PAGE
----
B.C. indigenous leaders Arthur Manuel and Ronald Derrickson win national book award for Unsettling Canada

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      Two B.C. aboriginal leaders have won the Canadian Historical Association's annual book award.

      Arthur Manuel and Grand Chief Ronald Derrickson, coauthors of Unsettling Canada: A National Wake-Up Call, won the CHA's Canadian Aboriginal History Prize in the book category at the organization's annual meeting tonight (May 31) at the University of Calgary.

      According to the CHA website, the book prize "is awarded to the English or French language scholarly books...concerning the history of Aboriginal peoples whose territory overlaps with that of the current Canadian state, and/or books concerning Aboriginal people whose history involves significant interaction with institutions—state, ecclesiastic, corporate, or other—that are closely associated with what would become Canada."

      In a news release, Manuel—a veteran First Nations activist and former chief of the Secwepemc Nation who attended three residential schools in B.C.—said that he was "very encouraged by the degree that non-indigenous peoples are recognizing that we need to have a fundamental change in this country, and this award is another indication of that". Manuel is the son of well-known B.C. indigenous political leader George Manuel.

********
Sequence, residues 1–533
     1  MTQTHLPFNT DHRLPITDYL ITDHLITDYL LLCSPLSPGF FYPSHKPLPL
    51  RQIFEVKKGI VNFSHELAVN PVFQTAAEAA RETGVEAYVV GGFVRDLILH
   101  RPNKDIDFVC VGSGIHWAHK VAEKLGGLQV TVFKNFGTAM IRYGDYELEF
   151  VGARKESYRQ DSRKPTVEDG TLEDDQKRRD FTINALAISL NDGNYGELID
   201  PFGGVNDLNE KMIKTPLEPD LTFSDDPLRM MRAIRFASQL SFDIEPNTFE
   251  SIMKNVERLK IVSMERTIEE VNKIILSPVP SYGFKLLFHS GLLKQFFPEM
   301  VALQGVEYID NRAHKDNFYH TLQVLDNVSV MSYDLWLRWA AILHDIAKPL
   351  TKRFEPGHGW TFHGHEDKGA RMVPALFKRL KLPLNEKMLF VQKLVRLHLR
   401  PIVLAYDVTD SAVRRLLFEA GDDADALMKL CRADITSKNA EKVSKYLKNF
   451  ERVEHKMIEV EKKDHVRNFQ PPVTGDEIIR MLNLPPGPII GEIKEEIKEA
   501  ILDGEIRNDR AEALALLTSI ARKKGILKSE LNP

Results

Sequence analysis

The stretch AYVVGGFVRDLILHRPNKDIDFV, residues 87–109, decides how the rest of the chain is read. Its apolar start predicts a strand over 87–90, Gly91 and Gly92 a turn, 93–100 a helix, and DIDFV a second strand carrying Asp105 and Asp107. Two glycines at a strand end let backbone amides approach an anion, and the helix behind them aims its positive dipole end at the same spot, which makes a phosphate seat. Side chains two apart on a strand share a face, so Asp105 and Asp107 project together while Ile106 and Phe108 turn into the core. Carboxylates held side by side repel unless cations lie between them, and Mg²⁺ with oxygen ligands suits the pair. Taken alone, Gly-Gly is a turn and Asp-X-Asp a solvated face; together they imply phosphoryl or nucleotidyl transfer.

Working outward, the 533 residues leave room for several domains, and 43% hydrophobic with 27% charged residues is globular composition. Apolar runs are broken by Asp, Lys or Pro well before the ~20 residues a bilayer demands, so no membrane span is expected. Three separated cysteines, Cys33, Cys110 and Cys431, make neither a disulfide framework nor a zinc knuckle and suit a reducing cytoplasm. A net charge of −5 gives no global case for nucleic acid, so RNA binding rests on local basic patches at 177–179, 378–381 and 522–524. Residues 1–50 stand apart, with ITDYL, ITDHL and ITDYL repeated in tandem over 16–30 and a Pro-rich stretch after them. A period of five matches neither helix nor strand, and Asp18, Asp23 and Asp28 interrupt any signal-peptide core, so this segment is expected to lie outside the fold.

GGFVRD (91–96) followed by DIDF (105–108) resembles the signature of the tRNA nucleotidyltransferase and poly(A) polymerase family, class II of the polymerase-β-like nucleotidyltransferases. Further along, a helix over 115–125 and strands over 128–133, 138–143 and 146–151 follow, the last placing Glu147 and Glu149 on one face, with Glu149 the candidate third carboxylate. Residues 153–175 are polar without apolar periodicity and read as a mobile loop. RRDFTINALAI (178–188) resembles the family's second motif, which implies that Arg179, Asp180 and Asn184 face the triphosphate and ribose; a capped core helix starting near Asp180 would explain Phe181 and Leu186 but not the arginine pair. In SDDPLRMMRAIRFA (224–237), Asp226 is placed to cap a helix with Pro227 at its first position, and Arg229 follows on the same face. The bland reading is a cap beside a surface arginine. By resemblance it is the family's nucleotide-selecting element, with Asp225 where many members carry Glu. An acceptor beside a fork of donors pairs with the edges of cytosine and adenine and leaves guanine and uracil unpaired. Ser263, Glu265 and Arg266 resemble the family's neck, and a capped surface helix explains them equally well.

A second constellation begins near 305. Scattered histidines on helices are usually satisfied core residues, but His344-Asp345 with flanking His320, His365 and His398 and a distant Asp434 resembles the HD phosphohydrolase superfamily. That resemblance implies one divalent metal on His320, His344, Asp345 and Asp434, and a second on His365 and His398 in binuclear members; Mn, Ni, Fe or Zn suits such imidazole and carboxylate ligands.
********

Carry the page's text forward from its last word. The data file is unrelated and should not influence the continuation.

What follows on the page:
Derrickson—a grand chief of the Union of British Columbia Indian Chiefs and six times elected chief of the Westbank First Nation near Kelowna—said in the release: "This book has been reaching indigenous peoples and Canadians from many backgrounds because it looks at not only where we are today but it offers a look ahead at where we can be in the future."

      Naomi Klein provided a foreward for the book, published in April 2015 by Between the Lines.